When will my Black Sons go from Cute to Threat?

I am the mother to two amazing boys, who I love very much. The picture of them displayed was taken a few years ago when they were 2 and 5 years old. They are now teenagers – 14 and 17 and no way would they let me post an updated photograph of them, also its important for me to protect their privacy.

As they grow older and gain more independence, the more I worry about and for them. I always tell them that I am not worried about the way they will behave in public, but I am worried about the way other people will treat them or see them as a threat because they are Black. They both have amazing friends of all nationalities and creeds but the big world is full of people who will judge them by the colour of their skin. People will be afraid of them. I worry that I will not be able to protect them from those who fear them. A lot of you Allies reading this may be surprised but Black parents have the same thoughts and feelings about the safety and wellbeing of their offsprings. Why are our children being pulled over by the Police for no reason, why are they be followed around the supermarket by the security guard, why are women clutching their bags and purses tightly as they walk past and why are they not being shortlisted for a job interview or getting the job?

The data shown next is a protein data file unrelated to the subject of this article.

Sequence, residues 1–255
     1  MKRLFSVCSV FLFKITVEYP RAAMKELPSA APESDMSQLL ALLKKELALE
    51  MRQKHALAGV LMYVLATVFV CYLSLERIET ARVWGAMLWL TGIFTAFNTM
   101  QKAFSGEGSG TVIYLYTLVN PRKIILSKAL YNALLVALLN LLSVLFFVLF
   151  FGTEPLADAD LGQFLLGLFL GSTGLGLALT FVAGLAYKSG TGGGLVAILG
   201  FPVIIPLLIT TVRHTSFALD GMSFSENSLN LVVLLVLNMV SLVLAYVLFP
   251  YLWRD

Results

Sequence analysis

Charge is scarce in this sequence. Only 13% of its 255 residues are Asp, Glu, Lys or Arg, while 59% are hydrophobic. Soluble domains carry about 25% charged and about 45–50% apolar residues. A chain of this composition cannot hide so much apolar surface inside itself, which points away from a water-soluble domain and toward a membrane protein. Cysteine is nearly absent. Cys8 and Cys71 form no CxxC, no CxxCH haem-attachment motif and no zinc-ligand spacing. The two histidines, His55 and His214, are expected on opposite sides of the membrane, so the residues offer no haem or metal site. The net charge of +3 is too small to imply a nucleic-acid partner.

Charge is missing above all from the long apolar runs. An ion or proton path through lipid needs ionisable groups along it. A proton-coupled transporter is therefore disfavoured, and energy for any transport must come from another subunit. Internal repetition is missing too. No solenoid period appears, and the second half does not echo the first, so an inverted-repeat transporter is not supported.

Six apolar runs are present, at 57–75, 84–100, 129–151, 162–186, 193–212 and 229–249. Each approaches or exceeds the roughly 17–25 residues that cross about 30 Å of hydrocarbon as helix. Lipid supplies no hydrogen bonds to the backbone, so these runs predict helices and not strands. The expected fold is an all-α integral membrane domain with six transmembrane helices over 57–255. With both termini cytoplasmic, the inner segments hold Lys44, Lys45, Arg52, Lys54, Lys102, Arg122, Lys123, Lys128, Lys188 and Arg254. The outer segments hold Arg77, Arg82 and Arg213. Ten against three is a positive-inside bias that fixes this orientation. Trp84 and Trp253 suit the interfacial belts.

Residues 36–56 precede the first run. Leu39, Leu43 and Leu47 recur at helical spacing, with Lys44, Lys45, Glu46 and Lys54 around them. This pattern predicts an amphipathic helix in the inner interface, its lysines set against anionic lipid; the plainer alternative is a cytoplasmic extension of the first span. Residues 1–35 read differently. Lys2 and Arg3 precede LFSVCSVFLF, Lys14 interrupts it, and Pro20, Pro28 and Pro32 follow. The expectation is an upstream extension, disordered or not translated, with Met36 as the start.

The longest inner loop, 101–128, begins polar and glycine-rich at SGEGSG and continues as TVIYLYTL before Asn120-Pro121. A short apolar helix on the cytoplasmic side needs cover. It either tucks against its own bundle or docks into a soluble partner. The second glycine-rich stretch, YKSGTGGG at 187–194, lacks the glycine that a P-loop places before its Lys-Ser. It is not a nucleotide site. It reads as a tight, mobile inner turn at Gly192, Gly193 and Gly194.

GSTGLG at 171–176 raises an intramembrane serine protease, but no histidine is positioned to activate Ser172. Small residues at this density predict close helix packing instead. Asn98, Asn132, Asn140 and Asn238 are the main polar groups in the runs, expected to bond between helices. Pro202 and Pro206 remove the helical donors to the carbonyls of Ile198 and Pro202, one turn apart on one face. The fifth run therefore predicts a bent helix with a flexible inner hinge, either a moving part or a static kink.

I do believe things will be much better for them than their grandparents and parents. The BLM movement, Covid 19 pandemic and all the civil rights protests before has brought the injustices that Black and minority people face everyday to the forefront and people are beginning to realise that enough is enough. It’s so promising to see every colour turn out to protest and take the knee. It’s also so amazing how many of you have reached out to me in support.

It is so important for us all to ensure that we are taking steps to stop and maybe eradicate racism throughout our society and especially in our work places and schools. Maybe one day – yes one day – my two boys and many others will not be (In the words of Martin Luther King Jr) judged by the colour of their skin but by the content of their character.

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